On Friday, June 3, 2022, the Senate and House released a draft of the American Data Privacy and Protection Act, (ADPPA), a watershed privacy bill that would introduce a federal standard. Currently, a hodgepodge of industry-specific and state laws make up the backbone of American privacy regulations and rights, so a national framework for privacy would establish a uniform system for this core American right. However, the bill faces major hurdles to approval, including tough fights over how to address preemption and whether to grant individuals a private right of action.
While the ADPPA injects a very small dose of optimism into the, “Will there ever be a federal law debate?” many commentators remain skeptical that there is a realistic path to reversing the state-by-state trend.
What do we know about this bill?
The proposal consists of two key provisions; federal preemption and a private right of action (PRA)– it is worth noting that this is the only bill currently under Congressional consideration that contains both of these components. Those familiar with the General Data Protection (GDPR) may notice that this bill draws upon many of the EU legislation’s key principles.
First, the ADPPA establishes federal preemption over state privacy laws, meaning that its provisions would supersede many existing state privacy laws. However, the bill forecloses the possibility of preemption in sixteen areas of the law, including state laws that provide for specific statutes on civil rights, criminal codes, student and employee privacy, data breach notification requirements, facial recognition, and financial and health records. The numerous exceptions to the bill’s preemption provision are indicative of the bipartisanship compromise that the bill’s passage will require. For example, if passed, the ADPPA’s provisions would not preempt either the Illinois Biometrics Information Privacy Act (BIPA) or several key components of the California Privacy Rights Act (CCPA). Conversely, the bill is expected to preempt vast swaths of Colorado, Virginia, and Connecticut privacy laws. In other words, the question of exactly what this draft would preempts will be an area of focus should it become law.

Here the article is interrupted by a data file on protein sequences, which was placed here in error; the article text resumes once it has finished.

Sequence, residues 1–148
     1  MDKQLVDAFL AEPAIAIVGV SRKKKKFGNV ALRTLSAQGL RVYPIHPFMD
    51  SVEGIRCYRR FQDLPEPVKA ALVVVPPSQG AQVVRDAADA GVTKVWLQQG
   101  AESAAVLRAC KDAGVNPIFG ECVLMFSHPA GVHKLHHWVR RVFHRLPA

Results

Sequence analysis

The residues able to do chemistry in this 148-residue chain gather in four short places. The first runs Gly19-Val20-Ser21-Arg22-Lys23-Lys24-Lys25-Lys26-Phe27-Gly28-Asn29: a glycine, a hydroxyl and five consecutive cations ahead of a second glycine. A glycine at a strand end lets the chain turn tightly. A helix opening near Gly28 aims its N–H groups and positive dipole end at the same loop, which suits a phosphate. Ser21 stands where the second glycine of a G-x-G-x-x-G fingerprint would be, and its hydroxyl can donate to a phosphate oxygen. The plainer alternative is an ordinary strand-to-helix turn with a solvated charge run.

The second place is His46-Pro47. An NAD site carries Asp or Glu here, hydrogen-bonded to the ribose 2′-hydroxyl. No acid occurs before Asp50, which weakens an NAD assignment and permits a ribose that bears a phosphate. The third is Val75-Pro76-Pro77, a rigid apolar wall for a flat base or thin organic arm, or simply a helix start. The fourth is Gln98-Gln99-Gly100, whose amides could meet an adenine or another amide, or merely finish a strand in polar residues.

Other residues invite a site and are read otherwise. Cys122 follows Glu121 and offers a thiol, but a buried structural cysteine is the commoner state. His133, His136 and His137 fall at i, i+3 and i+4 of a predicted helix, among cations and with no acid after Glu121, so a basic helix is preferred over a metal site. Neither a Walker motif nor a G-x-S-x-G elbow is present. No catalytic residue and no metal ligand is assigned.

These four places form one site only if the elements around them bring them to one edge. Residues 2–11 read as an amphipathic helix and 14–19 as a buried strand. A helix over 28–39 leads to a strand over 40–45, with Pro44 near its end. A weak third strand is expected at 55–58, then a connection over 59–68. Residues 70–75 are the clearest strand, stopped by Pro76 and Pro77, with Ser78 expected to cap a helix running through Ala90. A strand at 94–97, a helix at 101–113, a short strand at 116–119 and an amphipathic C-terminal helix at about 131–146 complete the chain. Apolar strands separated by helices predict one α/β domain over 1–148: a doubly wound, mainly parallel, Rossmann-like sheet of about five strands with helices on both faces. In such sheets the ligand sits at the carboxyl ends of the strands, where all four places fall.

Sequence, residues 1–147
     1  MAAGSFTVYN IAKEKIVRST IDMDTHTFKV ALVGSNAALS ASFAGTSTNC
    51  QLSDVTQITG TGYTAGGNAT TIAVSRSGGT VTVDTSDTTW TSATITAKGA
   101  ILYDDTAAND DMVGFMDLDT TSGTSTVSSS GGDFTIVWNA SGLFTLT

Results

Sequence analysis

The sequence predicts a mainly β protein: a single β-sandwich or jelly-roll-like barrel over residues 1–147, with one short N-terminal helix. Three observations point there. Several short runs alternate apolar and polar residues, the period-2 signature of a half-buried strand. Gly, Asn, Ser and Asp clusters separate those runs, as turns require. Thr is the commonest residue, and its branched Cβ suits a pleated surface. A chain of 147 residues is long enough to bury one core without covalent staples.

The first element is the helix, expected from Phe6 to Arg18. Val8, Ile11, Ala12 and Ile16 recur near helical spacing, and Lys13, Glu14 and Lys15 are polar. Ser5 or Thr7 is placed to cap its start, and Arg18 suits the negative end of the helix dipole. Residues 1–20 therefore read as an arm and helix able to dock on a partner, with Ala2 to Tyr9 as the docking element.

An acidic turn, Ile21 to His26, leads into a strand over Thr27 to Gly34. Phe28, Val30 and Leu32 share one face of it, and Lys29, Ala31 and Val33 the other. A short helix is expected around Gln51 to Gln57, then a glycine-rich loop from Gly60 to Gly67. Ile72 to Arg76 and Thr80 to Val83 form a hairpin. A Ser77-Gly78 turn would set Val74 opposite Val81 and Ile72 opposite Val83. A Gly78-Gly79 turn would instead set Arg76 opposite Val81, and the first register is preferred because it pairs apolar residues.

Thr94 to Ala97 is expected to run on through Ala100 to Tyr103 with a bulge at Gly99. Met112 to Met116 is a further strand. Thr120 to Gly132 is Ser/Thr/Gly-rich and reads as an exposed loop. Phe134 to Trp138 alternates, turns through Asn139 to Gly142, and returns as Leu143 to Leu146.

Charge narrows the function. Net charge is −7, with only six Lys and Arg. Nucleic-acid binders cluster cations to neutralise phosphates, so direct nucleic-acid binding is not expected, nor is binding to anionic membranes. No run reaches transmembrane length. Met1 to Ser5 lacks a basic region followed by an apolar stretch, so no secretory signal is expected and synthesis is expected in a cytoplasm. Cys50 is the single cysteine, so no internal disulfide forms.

Second, the bill creates a PRA for violations. For example, an internet user who has opted out of targeted advertisements would have the right to sue an entity that improperly sells that user’s data online. The scope of the PRA is contentious because some fear if construed too broadly, it will lead to an onslaught of lawsuits, while others worry that if the PRA is too narrow, it will be rendered useless. There are some proposals that would delay enforcement of this provision.
Moreover, the ADPPA requires companies to minimize their data collection practices to only collecting data that is necessary to the functioning of their businesses. The bill also prohibits entities from charging users a fee to access a user’s own personal data (there are a few narrow exceptions to this, such as consumer loyalty programs, or when financial data is used to complete a transaction). Additionally, the bill would expand the privacy rights of minors, including prohibiting companies from disseminating targeted advertisements to users under 17.
Under the existing draft bill, users would also have the right to correct, access, or erase their own data. Once a user has modified their data held by a company, the burden would then shift to that company to inform third parties of any changes.
Role of the Federal Trade Commission?
The Federal Trade Commission (FTC) would be entrusted with ADPPA’s enforcement. In addition, the FTC will pick up some new obligations like maintaining a register of data brokers and managing opt-out mechanisms for opt-outs of targeting advertising and other data-sharing services. And, the draft calls for the creation of a new bureau within the FTC that is specifically tasked with consumer data protection.
Notwithstanding these changes, federal regulators and state AGs would still have the right to sue, for punitive damages, entities who disregard the obligations and rights created by this legislation.
It’s hard to get too excited about any federal privacy bills, but this bill has some bipartisan momentum behind it. However, the broad exceptions to preemption indicate that companies will continue to content with the state by state approach.
Amelia Klitenic and Katherine Eige contribute to this post.